At the time of pledging his donation, Alexander McWalter was obviously enjoying a particularly lucrative episode in his trade, mirroring the state of affairs in the town. This was borne out by a report of the time:

‘IMPROVEMENTS IN REFORM STREET – We observe that alterations are going on in Reform Street. Mr McWalter, the enterprising shawl and silk merchant, is at present converting the shop formerly occupied by him and the neighbouring one into one shop. This shop will have two immensely large front windows, with a very large door between – we believe the largest windows and door in Dundee. He is also extending the premises behind. To effect these alterations, it has been necessary to take out the whole of the ground floor and to supply its place with iron columns and beams of unusual size and strength. The operations are, we believe, the largest of the kind yet attempted in Dundee, and when finished, will leave the tenement, which is one of the largest in Reform Street, stronger than it was originally. The Contractors who are carrying out the work are Messrs Sturrock and Sheriff, masons.’[26]

McWalter’s business continued to thrive while the extensions to his premises were being undertaken. He took the step of moving his operations to the adjacent property of 16 Reform Street.[27] The establishment’s improvements were completed by October 1863, when an advertisement indicated the scope and variety of the available merchandise, also providing a fascinating insight into the garments ‘on trend,‘ from shawls, furs and paletots to a bespoke ‘Mourning Department.’[28]

At the beginning of the 1860s, Alexander McWalter, together with his 2nd wife (wife 1 died in 1855) and growing family, took up residence at 12 Dudhope Terrace,[6] the home where he was to remain for the rest of his life.[7]

Throughout the 1860s and 70s Alexander McWalter continued to trade from his superior establishment on Reform Street. Towards the close of the 1870s, he announced his intended retiral.[29] His business was transferred to and carried on by Charles Dawson and William Hunter under the style of ‘Dawson & Hunter,’ still trading from 12 & 14 Reform Street, from March of 1880.[30]

Alexander McWalter, the last surviving son of Alexander and Elizabeth McWalter of Causeyside, Paisley, died at his residence on Dudhope Terrace on 1 April 1882.[7] He had immersed himself in a commercial life in Dundee, making it his home for more than 40 years. For a long period, he was said to have been one of the leading drapers in the town.[9] He left an estate valued at almost £25,000.[31]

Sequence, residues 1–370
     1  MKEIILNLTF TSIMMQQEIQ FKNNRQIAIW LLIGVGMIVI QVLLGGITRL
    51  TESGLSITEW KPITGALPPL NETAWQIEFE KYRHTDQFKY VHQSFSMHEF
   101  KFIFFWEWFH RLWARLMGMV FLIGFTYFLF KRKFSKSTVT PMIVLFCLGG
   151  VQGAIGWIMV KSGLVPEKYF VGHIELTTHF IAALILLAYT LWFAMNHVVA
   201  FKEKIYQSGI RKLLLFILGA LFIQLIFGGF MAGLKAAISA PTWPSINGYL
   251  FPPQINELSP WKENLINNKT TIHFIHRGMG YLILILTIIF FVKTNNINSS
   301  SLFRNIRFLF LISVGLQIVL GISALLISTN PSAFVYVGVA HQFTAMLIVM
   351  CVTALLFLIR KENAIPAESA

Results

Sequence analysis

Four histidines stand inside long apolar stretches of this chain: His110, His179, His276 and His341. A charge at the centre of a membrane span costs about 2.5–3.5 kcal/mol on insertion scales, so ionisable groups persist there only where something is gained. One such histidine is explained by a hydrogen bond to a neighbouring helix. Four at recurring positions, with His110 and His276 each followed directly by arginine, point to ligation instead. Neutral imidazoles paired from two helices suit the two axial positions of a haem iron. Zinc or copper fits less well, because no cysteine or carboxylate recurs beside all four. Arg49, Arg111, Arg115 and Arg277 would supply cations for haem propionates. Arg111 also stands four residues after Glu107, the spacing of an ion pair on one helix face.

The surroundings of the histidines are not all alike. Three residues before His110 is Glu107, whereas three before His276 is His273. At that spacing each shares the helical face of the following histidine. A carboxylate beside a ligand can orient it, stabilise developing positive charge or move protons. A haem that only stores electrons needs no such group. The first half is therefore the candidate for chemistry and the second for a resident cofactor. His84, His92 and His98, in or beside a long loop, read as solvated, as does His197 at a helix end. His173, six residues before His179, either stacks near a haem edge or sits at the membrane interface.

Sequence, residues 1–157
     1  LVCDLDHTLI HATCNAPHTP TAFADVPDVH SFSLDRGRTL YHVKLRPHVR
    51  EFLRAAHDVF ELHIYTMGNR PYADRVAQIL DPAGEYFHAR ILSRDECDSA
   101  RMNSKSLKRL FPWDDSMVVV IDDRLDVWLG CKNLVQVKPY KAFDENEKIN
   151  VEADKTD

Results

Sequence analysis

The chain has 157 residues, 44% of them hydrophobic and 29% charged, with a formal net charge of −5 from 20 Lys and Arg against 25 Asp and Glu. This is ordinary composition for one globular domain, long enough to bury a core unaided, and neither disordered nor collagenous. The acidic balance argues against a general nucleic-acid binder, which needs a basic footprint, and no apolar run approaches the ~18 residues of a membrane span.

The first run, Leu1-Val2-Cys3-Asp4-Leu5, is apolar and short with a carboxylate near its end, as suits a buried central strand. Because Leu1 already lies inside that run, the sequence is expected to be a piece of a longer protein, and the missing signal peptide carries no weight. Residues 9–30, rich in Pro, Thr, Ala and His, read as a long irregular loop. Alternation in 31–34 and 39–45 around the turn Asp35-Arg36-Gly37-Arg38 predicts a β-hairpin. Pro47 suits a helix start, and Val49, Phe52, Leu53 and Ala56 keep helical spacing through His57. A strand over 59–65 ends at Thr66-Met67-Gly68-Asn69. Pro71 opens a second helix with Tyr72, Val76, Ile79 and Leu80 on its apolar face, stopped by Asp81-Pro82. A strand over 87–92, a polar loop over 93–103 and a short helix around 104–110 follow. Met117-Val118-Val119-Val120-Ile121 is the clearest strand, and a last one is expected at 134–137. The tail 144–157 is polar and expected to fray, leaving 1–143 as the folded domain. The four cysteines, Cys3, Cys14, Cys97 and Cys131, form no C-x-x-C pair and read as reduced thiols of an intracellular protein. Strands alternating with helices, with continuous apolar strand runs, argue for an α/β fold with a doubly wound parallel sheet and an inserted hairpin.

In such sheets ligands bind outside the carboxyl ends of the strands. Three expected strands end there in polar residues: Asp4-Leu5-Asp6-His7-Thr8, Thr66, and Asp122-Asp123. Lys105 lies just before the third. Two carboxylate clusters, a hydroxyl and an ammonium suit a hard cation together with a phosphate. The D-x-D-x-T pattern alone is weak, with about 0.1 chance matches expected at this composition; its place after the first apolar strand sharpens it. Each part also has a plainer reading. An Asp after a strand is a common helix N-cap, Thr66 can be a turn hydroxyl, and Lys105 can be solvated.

Sources

  1. Old Parish Registers. Paisley. Births. (1814). 573/1 10 522. ScotlandsPeople website.
  2. Old Parish Registers. Dundee. Marriages. (1852). 282/ 230 436. ScotlandsPeople website.
  3. Statutory Registers. Dundee. Marriages. (1859). 282/1 353. Scotlandspeople website.
  4. South London Chronicle. 24 December 1859. British Newspaper Archive website.
  5. Census Returns. Dundee. (1851). 282/ 55 14. ScotlandsPeople website.
  6. Dundee Directory, 1861-62. p.175. Local Studies, Central Library, Dundee.
  7. Statutory Registers. Dundee. Deaths. (1882). 282/2 163. ScotlandsPeople website.
  8. Burial Lair Index. Western Cemetery, Dundee.
  9. Dundee Courier. 3 April 1882. p.2. British Newspaper Archive website.
  10. Dundee Courier. 24 January 1867. British newspaper Archive website.
  11. Dundee Advertiser, 23 December 1863. British Newspaper Archive website.
  12. Dundee Directory, 1834. p.32. Dundee Central Library, Local Studies.
  13. Dundee Directory, 1837-38. p.52. Dundee Central Library, Local Studies.
  14. Dundee Directory, 1842-43. p.53. Dundee Central Library, Local Studies.
  15. Dundee Advertiser. 3 April 1882. p.5. British Newspaper Archive website.
  16. Census Returns. Dundee. (1841). 282/ 103 15. ScotlandsPeople website.
  17. Census Returns. Paisley. (1861). 573/ 27/ 9. ScotlandsPeople website.
  18. Caledonian Mercury. 12 January 1807. p.3. British Newspaper Archive website.
  19. Old Parish Registers. Paisley Middle. Marriages. (1807). 573/2 20 103. ScotlandsPeople website.
  20. www.paisley.org.uk website.
  21. Scottish Post Office Directories. Fowler's Commercial Directories, 1829-42. National Library of Scotland website.
  22. Census Returns. Paisley Low. (1841). 573/ 47/ 1. ScotlandsPeople website.
  23. Scottish Post Office Directories. Fowler's Commercial Directory, 1845-46. p.68. National Library of Scotland website.
  24. Census Returns. Paisley. (1851). 573/ 7 10. ScotlandsPeople website.
  25. www.electricscotland.com website.
  26. Dundee Courier. 30 July 1863. p.2. British Newspaper Archive website.
  27. Dundee Advertiser. 1 September 1863. p.1. British Newspaper Archive website.
  28. Dundee, Perth & Cupar Advertiser. 9 October, 1863. p.2. British Newspaper Archive website.
  29. Dundee People's Journal. 29 November 1879. p.2. British Newspaper Archive website.
  30. Dundee Courier. 28 February 1880. p.4. British Newspaper Archive website.
  31. Legal Records. Wills and Testaments. Dundee Sheriff Court. (1882). SC45/ 31/ 31. ScotlandsPeople website.

The information above about Alexander McWalter has been collated from a range of digital and hard copy sources. To the best of our knowledge it is correct but if you are relying on any information from our website for the purpose of your own research we would advise you to follow up the sources to your own satisfaction. If you are aware of an inaccuracy in our text please do not hesitate to notify us through our Contact page.